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Sorry for the cross-posting, I originally posted this in Shakedown Street, but it really belongs in this topic which I wasn't aware of before. I just got done with a cowboy story entitled "Them Old Cowboy songs" by Annie Proulx (who wrote the original story on which "Brokeback Mountain" was based) that appeared in the May 5, 2008 issue of the New Yorker. After finishing the story I felt that it had resonances with "Brown-Eyed Woman" and "Jack Straw". Similar textures that gave me some of the same feelings as listening to those songs and to a lesser extent "Me and my Uncle". I thought folks who visit Dead.net might find the same resonances and want to know about the story. Be warned however that it is ultimately a sad and disturbing tale. Keep safe, Another Bear "Yesterday this day's madness did prepare."
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Another writer who speaks to me in this way, that is resonates on "cowboy" themes within Grateful Dead music, is Larry McMurtry (the novel "Lonesome Dove", the biography of Crazy Horse). In some ways the resonance with McMurtry's work is stronger since his writing is less spare and has more saga-like story elements. "Yesterday this day's madness did prepare."
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I'm an avid reader & see on this thread some stuff to check out.For myself, my favs are...everything by Tom Robbins, Tolkein, Vonnegut, Raymond Chandler, Kesey, Stephen King "A Confederacy of Dunces" "Handling Sin" (this is a comedy, btw) "The Godfather" "Been Down So Long It Seems Like Up To Me" "Gravity's Rainbow" "1984" "Brave New World" "A Clockwork Orange" "Dreamworld" "The Monkey Wrench Gang" "Lord Of The Flies" "The Old Man & Mr. Smith" As you can see, my tastes run amok when it comes to books.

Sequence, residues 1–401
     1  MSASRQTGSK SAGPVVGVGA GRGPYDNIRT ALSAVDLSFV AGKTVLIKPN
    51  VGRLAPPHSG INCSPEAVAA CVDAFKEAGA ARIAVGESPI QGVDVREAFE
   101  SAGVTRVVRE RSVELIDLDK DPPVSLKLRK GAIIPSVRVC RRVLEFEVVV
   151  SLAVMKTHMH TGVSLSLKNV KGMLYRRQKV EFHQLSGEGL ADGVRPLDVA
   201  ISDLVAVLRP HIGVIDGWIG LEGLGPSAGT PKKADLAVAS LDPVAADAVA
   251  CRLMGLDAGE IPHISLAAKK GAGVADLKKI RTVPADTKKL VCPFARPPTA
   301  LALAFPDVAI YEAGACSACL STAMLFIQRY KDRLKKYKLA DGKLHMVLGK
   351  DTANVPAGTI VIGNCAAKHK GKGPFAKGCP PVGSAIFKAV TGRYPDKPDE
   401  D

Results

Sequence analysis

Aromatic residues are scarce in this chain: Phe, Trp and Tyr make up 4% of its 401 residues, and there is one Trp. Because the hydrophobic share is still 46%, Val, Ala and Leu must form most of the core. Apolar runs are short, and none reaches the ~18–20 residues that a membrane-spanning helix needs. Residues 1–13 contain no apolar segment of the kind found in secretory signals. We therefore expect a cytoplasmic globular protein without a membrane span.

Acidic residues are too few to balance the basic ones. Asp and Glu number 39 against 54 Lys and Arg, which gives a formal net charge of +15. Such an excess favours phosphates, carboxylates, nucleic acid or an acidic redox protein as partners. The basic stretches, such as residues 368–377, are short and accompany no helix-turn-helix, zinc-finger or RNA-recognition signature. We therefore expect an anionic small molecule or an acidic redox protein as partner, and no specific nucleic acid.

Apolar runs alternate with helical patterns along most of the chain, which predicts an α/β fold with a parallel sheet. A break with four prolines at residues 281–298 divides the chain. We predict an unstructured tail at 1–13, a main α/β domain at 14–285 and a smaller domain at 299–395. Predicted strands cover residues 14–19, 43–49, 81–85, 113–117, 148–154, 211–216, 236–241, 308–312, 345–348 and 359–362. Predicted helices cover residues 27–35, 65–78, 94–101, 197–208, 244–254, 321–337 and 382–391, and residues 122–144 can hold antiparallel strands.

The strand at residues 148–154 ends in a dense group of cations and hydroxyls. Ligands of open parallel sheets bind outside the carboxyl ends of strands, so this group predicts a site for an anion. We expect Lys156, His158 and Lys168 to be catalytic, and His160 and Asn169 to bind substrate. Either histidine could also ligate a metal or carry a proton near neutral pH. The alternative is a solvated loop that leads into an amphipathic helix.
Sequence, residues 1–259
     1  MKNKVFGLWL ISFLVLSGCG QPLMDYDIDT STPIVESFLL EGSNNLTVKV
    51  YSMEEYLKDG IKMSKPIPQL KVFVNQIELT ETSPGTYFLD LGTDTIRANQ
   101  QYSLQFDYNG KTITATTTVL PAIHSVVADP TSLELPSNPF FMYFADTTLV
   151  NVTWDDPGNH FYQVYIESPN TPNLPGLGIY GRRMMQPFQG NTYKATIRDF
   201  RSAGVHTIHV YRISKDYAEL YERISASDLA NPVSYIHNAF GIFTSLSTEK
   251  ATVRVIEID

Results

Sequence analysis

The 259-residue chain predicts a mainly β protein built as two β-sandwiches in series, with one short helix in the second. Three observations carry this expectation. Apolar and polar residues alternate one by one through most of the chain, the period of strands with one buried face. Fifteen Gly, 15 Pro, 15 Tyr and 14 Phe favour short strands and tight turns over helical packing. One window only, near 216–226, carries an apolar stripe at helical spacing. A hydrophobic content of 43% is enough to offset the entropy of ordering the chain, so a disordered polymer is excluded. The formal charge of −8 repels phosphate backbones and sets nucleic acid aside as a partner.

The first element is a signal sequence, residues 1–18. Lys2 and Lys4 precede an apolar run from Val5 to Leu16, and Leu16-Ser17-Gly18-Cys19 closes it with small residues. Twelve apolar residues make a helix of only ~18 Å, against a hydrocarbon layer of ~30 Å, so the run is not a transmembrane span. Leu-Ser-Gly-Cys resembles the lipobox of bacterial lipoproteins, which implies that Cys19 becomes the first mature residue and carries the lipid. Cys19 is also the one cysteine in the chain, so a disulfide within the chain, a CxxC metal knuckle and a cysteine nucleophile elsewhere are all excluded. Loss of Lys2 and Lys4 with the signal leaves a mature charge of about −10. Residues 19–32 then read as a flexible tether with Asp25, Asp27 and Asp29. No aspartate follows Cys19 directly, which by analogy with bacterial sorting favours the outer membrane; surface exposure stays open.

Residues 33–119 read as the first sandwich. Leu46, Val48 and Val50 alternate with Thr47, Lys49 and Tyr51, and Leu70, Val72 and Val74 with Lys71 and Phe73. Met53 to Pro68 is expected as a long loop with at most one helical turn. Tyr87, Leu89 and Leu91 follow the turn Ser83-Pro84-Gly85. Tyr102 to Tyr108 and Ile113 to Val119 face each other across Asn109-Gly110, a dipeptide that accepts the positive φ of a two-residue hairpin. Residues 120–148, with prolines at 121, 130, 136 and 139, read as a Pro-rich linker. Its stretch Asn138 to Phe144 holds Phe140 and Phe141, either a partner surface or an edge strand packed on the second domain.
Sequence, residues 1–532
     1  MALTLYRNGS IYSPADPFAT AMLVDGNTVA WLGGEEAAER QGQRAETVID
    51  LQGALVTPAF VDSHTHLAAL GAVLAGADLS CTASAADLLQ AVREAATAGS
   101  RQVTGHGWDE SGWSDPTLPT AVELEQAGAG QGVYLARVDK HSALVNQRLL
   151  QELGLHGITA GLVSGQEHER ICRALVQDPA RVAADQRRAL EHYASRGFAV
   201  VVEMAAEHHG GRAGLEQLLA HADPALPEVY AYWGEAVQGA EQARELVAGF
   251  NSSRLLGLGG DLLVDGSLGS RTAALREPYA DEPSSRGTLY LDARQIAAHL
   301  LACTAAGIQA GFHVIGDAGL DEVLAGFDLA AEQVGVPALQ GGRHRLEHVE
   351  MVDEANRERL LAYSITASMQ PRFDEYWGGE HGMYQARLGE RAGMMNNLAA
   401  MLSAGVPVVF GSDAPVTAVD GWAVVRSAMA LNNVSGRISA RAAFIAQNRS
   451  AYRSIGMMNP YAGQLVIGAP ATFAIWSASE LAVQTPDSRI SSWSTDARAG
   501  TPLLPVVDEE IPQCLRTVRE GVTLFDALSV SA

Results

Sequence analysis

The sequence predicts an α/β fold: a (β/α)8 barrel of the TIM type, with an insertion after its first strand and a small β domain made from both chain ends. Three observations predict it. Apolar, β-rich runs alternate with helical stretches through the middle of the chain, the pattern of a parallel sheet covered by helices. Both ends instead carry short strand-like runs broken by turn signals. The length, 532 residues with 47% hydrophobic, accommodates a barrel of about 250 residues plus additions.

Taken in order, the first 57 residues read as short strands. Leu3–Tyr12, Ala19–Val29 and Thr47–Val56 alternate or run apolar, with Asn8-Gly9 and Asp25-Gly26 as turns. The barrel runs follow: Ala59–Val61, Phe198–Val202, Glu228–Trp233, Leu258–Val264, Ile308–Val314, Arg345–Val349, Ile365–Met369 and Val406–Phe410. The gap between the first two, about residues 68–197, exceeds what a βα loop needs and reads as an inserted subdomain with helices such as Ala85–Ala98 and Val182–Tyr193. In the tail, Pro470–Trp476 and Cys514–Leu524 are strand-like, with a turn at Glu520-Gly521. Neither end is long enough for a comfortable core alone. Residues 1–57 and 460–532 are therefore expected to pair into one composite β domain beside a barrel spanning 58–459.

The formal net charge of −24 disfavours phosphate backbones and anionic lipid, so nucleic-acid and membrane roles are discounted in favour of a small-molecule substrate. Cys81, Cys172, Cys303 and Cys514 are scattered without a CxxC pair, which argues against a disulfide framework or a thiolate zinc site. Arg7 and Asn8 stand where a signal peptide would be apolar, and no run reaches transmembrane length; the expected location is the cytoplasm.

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...it's called "Inside Out". I've just started it so Syd isn't nuts yet, but Nick's writing style is humorous in tone (so far). William Gibson (the cyberpunk guy) has a novel out called "Spook Country" that started out a little slow but became very entertaining. Kept me guessing until the end. Honestly, "Gravity's Rainbow" gave me more than one headache but I should probably read it again, I understand it's an important novel. Other than that I've been catching up on comic books, err, "graphic novels". Warren Ellis' "Transmetropolitan" is a great series, the lead character is kind of Hunter Thompson in the near future. Anything Alan Moore or Neil Gaiman (gotta read the Sandman series) is terrific. Both of these guys have also written "legitimate" novels - Alan Moore's "Voice of the Fire" is uber-creepy; Gaiman's "American Gods" and "Anansi Boys" are both excellent. There's a book version of the PBS documentary Ken Burns "Jazz" that you should read, or at least skim through. Cheers, MitD